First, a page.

top of page

Don’t Bring Us into Temptation

We all face temptations in our daily life. From sweet treats to habits that can be a lot more destructive, choosing the right path can often be incredibly difficult. That’s why Jesus told His disciples to pray to God, “Do not lead us into temptation.” Our God shows us what is right and wrong, and He wants to help us through.


Jesus' teachings and His own battles with temptation provide us a roadmap for overcoming our daily struggles. Listen in to discover how Jesus offers the power of prayer, the strength of God's word, and the promise of eternal rest from our trials. You can learn to resist, overcome, and emerge stronger in your faith journey.



Children love sweet treats—fruits, candy, ice cream—they instantly brighten a child’s day. They can also be quite the motivator. 'Finish your dinner and you'll get dessert,' or 'Get good grades on the exams and we'll go for ice cream!'

 

It’s fascinating how something as delightful as a sweet treat can also become a snare. As a dad of three, I've seen firsthand one of the earliest encounters young children have with the temptation to deceive. It often revolves around something as simple as sugar. Have you ever heard, 'No, I didn’t eat the last cookie,' meanwhile their faces are smeared with chocolate? One of the earliest memories I have as a child is when my mother caught me stealing a pack of bubble gum from the grocery store.

 

So, is this lesson all about the dangers of candy? No, I’m afraid not. Because let’s face it, even as adults we all have some form of “candy” in our lives. It could be something small and relatively insignificant, such as overindulging during the holidays. Or it could be something much more significant and damaging. Such as deciding to cheat on a test, to cheat on a spouse, or even to retaliate against someone who has done us wrong. Every day, often many times a day, you face a difficult decision of some type. Do you decide to take the easy path? Or do you decide to take the right path? That’s a common human experience. And it’s called trials and temptations.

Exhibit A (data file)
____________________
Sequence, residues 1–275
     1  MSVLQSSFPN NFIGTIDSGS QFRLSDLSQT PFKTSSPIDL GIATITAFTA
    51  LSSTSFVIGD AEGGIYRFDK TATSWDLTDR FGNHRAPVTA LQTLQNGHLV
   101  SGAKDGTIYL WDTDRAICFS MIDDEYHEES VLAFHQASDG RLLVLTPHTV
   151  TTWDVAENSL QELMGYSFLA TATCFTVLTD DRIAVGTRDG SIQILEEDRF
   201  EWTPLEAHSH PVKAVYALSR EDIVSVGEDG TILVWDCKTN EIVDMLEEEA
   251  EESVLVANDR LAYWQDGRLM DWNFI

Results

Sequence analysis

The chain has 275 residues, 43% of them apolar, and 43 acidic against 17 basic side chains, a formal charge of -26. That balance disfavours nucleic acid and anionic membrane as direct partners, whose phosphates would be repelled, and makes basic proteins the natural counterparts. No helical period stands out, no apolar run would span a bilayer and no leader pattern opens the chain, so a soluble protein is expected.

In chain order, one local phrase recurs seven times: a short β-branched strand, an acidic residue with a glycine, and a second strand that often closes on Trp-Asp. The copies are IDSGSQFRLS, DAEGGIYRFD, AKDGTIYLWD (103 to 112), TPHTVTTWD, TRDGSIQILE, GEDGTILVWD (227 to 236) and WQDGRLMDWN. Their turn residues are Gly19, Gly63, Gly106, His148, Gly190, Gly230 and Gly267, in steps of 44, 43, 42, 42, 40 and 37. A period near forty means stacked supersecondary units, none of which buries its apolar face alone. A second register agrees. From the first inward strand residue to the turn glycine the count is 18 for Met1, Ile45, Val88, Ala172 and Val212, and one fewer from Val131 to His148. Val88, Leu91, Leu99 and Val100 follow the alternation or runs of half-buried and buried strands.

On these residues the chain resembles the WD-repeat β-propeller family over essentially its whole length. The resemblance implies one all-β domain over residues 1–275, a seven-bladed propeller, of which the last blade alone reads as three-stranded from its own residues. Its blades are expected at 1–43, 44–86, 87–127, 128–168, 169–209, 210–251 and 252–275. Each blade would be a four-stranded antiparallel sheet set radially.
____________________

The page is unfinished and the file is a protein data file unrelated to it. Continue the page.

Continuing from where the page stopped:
Over the past few lessons, we’ve been discussing Jesus’ model prayer in Luke chapter 11. His disciples asked Him how to pray. One of the things Jesus said to pray to God is this, “Do not lead us into temptation.” (Luke 11:4, NET). On another occasion, Jesus said it this way, “Do not lead us into temptation, but deliver us from evil.” What does it mean to ask God to not lead us into temptation? Does it mean there's a chance God might lead us into trials and temptations? Most importantly for our daily lives, how can God help us navigate the difficult choices we make each day, and prevent us from going down the dangerous path of temptation?

 

Stay with us as we discuss the nature of temptation, understand our own responsibilities, and learn how to depend on God to guide us and deliver us through.

 

Podcast Intro

Hello everybody. This is the Relentlessly Knocking podcast. I’m Scott Ihle, and I’m the Executive Director of Logos Answers, and the missionary in residence at Woodstock church of Christ in Atlanta, GA. Jesus told His disciples that if they knock, the door would be opened for them. And on this podcast, we are knocking relentlessly and unapologetically as we try to discover the truth about God the Creator, the Anointed Son of God, Jesus, and their Spirit-inspired Word as found in the Bible.

 

What is temptation and testing?